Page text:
Instructions from the top? This Saturday night marked the 39th consecutive week of protests near Attorney General Avihai Mandelblit’s home. The demonstrators continue to call for Netanyahu to be charged with corruption. Former caretaker of the Prime Minister’s Residence, Meni Naftali, and anti-corruption crusader and failed Labor Knesset candidate, Eldad Yaniv, were not present as they usually are – because they were arrested on the way to Petah Tikva. The Police announced on Thursday that they are no longer allowing the demonstrations to take place and the Police set up roadblocks at the entrance to the usually sleepy town of Petah Tikva,. The Police arrested Naftali and Yaniv, who had called on social media for people to rally despite the ban. Naftali and Yaniv were released the next morning, without having to post bail or make any kind of commitments – they were only prohibited from organizing illegal protests, but then again so is everyone else. Naftali is taking advantage of the arrest to raise money for his new non-profit organization, which he says is meant to fight corruption and help whistle blowers. Meanwhile, their arrests have raised debates about Police overreach, with lawmakers on the Left calling it an abuse of power. The Police said that after all these months of protests, the residents of Petah Tikva – who have complained about the noise and disruption that the demonstrations cause before Shabbat ends – deserve some peace and quiet. Plus, a Police spokeswoman made a crack on the radio about how the protestors claim to be for the rule of law, but are calling for people to break the law. Now, Naftali is saying in radio interviews that his arrest came “from the top,” and when asked what that means, he said Netanyahu must have ordered it.
The Likud did not just let that pass and posted a screed on its Facebook page, calling Naftali a liar and a criminal. The posting listed all kinds of Naftali misdeeds, from claiming to have a high school diploma when he only finished ninth grade, to physically assaulting someone at a previous job, and to changing his story in various legal documents as to why he stopped working for the Netanyahus. It is worth noting that the post mentions that Naftali called the first family’s upstairs kitchen “perfect,” while posting a photo of peeling paint that they say is from said kitchen, which makes it safe to assume that Sarah Netanyahu had some kind of input on the text.
Sarah Netanyahu 9 to 5: The Prime Minister’s wife, Sarah, suffered a minor blow yesterday as a Jerusalem District Court ordered the Jerusalem municipality to reveal her employment hours as a child psychologist in the city’s educational institutions. Netanyahu regularly mentions her job with pride, and Ma’ariv veteran journalist Ben Caspit, who has reported on some of the biggest Sarah-related scandals, filed a petition demanding to reveal the details of her work – including hours and vacations – based on the Freedom of Information Act. The Jerusalem Municipality refused at first, insisting that the information should be confidential because of privacy concerns. Netanyahu herself claimed that the request should be rejected because Caspit is persecuting her and her husband. As the court rejected their claims, the Netanyahus are likely to appeal, but meanwhile, they launched another attack at Caspit, one of the leading Israeli political commentators, but probably one of the leading anti-Bibi ones, as well. Sources close to the Netanyahus issued a harsh reaction to the court order, quoting Caspit’s own father and going quite low. Apparently, Caspit’s father, Yitzhak, wrote a letter to the Prime Minister in 2010, disavowing his son’s work and expressing support for Bibi – something that Caspit himself has admitted in past columns. “How can it be that my genes are so confused? Since Ben-Gurion and Begin, no leader has equalled your stature” Caspit senior allegedly wrote to Netanyahu. “My son’s attacks against the Prime Minister are exaggerated slurs … His finger is too light on the trigger. The public shares my appreciation to you.””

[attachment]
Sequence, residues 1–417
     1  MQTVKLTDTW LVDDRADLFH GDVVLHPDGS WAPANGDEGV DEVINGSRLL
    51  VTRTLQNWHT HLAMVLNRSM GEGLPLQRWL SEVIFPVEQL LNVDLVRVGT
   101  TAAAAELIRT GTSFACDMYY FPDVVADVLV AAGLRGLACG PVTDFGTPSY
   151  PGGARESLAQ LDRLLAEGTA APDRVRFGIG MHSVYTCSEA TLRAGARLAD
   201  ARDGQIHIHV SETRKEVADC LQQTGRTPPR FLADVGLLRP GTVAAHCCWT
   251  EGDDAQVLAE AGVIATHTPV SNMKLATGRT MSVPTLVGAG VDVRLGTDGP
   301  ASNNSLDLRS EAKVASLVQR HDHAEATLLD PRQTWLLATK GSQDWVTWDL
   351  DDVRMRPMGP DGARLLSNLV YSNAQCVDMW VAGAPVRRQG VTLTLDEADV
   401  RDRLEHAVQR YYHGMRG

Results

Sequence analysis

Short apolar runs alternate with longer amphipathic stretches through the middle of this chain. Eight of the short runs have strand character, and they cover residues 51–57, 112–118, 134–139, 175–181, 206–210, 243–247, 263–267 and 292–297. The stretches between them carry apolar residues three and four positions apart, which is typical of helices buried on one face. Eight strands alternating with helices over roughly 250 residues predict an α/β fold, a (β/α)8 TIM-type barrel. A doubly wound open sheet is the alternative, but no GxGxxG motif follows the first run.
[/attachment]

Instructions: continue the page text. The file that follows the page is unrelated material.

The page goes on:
Labor’s after its leader, already: A month and a half after his surprise against-all-odds victory in the Labor leadership primaries, Avi Gabbay is launching his first insiders political battle. Gabbay is on the way to a mega-clash with the party establishment. Yesterday, Gabbay announced a series of proposed changes to the party’s constitution and policies that he plans to promote. The proposed changes are aimed mainly at bolstering Gabbay’s control of the party and reducing the power of the party apparatus. The main focus of the changes – which will be brought to a vote at a party convention in the coming weeks – is to cut off authority from the party’s general secretary, who was democratically elected just half a year ago, and to allow Gabbay to personally appoint 4 or 5 people to the party’s Knesset slate for the next election, and not the party members. Gabbay’s associates said that the proposed amendments are all aimed at maximizing Labor’s ability to win the next elections, but he is not the first Labor chairman who attempted to dramatically change the party constitution. Others in the past, like Ehud Barak and Shelly Yachimovich, failed to overcome the politics of the party apparatus, and Gabbay’s proposed changes are already generating widespread political opposition, as he is a newcomer to the party, and the apparatus is not as enthusiastic about the new kid on the block. Eran Hermoni, the party secretary-general is already launching a counter effort to ensure Gabbay’s plans do not succeed. “The Labor Party is an open, vibrant and democratic party with a system of checks and balances and the party is eager to keep it that way,” he said yesterday. “Turning the party from one of the masses into a one-man party will distance voters from it and even remove the chances of winning the general elections.”